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Google to Build Data Center Powered by 100% Renewables at Soon-to-Be Closed Alabama Coal Plant

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Google announced today that it will build a new data center in Alabama at the site of a coal-fired power plant that is scheduled to be shut down, and committed to power the facility with 100 percent renewable energy.

Google will build a new data center in Alabama at the site of this coal-fired power plant that is scheduled to be shut down. Google has committed to power the facility with 100 percent renewable energy.

"Google’s data center in Alabama is a poignant symbol of how quickly our energy economy can change for the better, and shows that even in regions that are not yet maximizing their renewable energy potential like the Southeast, major internet companies want the ability to power their facilities with renewable energy," said Greenpeace Senior Climate and Energy Campaigner David Pomerantz. "Utilities, state legislators and regulators should take notice: the 21st century economy is demanding nothing short of 100% renewable energy."

"Unfortunately, Amazon’s recent announcement of several new data centers in Ohio did not include the same commitment to power them with 100% renewable energy," Pomerantz continued. "Without a similar level of commitment as we’ve seen from Google, Apple and Facebook, Amazon’s data centers are more likely to keep coal plants running than to make the internet a powerful force for renewable energy."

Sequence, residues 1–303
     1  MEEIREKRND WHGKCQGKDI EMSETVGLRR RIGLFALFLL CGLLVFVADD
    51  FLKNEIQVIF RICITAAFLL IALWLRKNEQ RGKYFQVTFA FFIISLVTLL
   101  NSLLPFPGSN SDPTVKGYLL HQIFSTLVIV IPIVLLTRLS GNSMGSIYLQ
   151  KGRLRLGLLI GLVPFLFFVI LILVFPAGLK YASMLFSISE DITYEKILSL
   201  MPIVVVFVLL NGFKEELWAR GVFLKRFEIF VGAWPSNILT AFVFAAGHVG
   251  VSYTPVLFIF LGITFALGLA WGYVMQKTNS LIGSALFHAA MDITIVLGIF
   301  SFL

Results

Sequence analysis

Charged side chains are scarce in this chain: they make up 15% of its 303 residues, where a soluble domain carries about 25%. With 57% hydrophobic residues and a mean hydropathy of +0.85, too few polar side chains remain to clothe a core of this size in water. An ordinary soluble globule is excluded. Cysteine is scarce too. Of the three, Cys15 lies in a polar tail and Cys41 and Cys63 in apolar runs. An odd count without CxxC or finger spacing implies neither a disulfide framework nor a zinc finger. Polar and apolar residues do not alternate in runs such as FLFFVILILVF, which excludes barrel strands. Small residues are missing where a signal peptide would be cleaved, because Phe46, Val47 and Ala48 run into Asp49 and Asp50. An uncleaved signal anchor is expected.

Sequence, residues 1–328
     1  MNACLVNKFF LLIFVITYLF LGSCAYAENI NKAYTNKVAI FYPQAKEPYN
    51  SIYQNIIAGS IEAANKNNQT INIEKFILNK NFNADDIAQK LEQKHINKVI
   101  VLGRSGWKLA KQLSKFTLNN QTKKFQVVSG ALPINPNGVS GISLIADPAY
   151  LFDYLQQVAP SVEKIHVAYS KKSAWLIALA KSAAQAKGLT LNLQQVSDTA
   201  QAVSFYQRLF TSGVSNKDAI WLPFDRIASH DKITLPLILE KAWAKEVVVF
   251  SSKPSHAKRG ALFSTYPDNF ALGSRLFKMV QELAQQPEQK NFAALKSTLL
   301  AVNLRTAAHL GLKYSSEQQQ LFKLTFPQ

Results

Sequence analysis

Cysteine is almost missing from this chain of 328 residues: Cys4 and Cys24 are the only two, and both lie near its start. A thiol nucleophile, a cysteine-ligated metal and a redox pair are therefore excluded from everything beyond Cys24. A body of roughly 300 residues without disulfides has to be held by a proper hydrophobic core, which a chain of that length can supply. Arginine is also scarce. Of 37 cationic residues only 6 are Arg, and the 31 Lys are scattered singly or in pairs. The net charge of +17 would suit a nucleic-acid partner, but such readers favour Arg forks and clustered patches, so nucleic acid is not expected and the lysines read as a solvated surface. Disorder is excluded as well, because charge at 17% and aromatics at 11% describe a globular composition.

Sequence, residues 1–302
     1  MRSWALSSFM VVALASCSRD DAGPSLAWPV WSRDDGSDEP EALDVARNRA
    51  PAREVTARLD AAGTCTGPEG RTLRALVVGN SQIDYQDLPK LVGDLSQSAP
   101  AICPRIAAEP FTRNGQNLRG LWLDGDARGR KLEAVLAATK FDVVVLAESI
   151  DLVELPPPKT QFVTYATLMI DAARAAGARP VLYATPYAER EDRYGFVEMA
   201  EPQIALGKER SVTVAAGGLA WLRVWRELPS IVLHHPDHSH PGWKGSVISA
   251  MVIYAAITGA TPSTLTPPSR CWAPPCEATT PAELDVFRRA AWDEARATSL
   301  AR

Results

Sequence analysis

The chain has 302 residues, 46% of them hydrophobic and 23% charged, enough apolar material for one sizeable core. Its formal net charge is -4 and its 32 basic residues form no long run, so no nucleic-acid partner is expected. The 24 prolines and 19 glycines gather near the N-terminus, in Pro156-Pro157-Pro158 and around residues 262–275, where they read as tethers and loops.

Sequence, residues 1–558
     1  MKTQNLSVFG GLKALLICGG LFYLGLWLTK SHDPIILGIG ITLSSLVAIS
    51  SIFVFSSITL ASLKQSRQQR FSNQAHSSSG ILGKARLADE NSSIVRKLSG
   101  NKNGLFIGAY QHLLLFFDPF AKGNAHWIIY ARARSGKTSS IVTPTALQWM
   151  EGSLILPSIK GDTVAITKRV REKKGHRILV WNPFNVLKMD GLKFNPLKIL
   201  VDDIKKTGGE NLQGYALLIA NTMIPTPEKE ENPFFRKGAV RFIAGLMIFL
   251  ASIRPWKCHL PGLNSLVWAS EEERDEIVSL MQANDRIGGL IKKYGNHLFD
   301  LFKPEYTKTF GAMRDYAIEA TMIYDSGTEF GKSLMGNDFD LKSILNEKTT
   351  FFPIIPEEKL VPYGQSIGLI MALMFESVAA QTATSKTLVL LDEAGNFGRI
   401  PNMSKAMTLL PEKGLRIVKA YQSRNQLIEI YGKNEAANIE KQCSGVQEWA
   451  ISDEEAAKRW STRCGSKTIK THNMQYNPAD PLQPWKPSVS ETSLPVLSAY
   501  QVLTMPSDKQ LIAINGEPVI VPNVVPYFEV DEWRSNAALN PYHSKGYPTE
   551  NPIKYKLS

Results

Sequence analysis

Last month, Amazon announced new data center facilities in Ohio, but did not provide details showing how those data center facilities would be powered by renewable energy. American Electric Power, the utility providing service to the region in Ohio where Amazon’s data center facilities are planned, generates 83 percent of its electricity from coal.

Greenpeace’s most recent report, Clicking Clean: A Guide to Building the Green Internet, found that Amazon has failed to provide transparency about how it will keep its commitment to use 100 percent renewable energy, particularly as it expands its data center operations in coal-heavy regions like Ohio and Virginia.

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